As you can see, the concept of a business credit card is simple: It’s a credit card, designed specifically for business owners.

Like personal credit cards, credit cards for small businesses allow cardholders to cover expenses, build credit, and earn rewards.

However, there are important distinctions between business vs. personal credit cards.

When it comes down to it, a business credit card should be used exclusively for business expenses. Using a business credit card for personal expenses can make your bookkeeping more complex—plus, put you at risk for tax and legal issues.

Additionally, the rewards you receive with a business credit card will differ from those you earn with a personal credit card. Although both of these types of cards can offer cash back and point-based rewards, business credit card rewards are earned based on spending categories that are tailored to small businesses—like office supplies, gas, internet and cable services, advertising, etc.

Moreover, many small business credit cards will allow you to build business credit history, in addition to or instead of affecting your personal credit, although this is not always the case.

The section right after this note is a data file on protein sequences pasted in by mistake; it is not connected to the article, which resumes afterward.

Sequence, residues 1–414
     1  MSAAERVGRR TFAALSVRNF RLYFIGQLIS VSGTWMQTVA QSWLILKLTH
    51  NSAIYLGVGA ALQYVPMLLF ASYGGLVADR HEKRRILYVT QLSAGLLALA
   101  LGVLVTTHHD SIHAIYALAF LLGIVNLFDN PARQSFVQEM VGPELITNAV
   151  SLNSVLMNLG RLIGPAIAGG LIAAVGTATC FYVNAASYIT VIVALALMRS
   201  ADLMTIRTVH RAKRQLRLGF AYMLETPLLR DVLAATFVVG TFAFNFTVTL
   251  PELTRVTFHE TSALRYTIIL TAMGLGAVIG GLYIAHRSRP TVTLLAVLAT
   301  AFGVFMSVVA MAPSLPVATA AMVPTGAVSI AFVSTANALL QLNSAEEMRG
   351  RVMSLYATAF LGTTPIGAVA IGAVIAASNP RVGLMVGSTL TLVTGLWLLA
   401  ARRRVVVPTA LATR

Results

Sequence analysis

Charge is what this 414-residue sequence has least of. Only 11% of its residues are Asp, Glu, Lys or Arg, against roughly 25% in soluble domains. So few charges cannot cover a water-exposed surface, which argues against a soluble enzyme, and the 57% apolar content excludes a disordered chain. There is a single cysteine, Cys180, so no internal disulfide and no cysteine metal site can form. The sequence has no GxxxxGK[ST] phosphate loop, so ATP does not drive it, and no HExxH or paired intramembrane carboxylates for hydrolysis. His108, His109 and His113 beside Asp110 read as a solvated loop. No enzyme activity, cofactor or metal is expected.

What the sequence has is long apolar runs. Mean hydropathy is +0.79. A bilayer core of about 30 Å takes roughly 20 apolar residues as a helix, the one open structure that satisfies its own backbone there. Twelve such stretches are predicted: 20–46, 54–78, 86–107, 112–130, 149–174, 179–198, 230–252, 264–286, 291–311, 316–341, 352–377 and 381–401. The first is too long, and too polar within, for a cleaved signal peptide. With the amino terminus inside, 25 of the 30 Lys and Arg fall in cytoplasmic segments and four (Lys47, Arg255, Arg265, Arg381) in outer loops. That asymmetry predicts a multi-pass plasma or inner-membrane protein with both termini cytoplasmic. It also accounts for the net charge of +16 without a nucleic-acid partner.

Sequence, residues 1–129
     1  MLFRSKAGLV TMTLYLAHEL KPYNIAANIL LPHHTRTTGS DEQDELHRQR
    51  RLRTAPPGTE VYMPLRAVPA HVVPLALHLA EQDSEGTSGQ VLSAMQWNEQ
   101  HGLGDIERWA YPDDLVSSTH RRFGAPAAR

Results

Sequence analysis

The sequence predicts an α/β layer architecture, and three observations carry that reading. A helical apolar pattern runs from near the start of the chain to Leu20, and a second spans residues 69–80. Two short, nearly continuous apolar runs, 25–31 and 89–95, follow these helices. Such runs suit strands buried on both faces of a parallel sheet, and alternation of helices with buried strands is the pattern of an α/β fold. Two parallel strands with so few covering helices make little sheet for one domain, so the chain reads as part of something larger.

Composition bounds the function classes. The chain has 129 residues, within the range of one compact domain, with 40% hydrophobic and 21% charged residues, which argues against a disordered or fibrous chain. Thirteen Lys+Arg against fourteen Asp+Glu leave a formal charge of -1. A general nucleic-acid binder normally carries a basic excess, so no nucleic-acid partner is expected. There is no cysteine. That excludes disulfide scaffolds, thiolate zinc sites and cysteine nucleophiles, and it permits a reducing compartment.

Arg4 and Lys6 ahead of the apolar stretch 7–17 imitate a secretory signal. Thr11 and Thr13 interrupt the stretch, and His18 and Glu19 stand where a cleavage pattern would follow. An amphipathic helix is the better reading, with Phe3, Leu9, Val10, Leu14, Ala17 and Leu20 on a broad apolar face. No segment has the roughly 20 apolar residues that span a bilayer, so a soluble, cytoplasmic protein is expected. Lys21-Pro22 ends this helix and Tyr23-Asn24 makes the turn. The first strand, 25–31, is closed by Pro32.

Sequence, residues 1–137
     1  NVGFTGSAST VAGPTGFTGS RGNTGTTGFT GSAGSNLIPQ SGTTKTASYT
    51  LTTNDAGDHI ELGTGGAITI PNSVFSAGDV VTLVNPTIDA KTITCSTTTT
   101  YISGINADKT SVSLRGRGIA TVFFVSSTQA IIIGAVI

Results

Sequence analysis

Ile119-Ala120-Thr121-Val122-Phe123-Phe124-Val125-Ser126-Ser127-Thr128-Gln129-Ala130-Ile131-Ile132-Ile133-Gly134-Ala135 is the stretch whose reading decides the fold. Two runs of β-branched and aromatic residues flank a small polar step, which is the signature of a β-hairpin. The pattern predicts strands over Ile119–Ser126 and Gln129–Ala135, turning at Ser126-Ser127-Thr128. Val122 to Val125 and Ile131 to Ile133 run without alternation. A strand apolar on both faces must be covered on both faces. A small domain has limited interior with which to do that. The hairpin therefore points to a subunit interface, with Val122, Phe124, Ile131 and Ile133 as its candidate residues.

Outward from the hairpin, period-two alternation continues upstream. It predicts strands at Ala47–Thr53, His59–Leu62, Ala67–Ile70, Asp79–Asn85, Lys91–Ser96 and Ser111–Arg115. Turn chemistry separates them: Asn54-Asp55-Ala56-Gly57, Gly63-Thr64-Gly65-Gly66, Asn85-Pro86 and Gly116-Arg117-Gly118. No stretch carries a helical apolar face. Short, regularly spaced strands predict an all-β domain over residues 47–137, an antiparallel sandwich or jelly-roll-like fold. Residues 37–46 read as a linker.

All in all, however, the mechanics of a business credit card are almost identical to a consumer credit card. Like a consumer credit card, you make purchases on a business credit card and repay them later. You typically have a spending limit on the card (unless it’s a business charge card) and this limit can be raised if you show a history of responsible spending and on-time payments.

This being said, although you may only be required to pay your minimum balance each month, you’ll accrue interest on the remaining balance, with the rate you’re charged, your APR, varying based on the specific card, the market rate, and your creditworthiness.

Types of Business Credit Cards

With all of this information in mind, it’s also important to understand the different types of business credit cards. In this case, we’re not referring to Visa vs. Mastercard or Chase vs. Capital One as “types” of cards, but instead, revolving business credit cards, business charge cards, and secured business credit cards: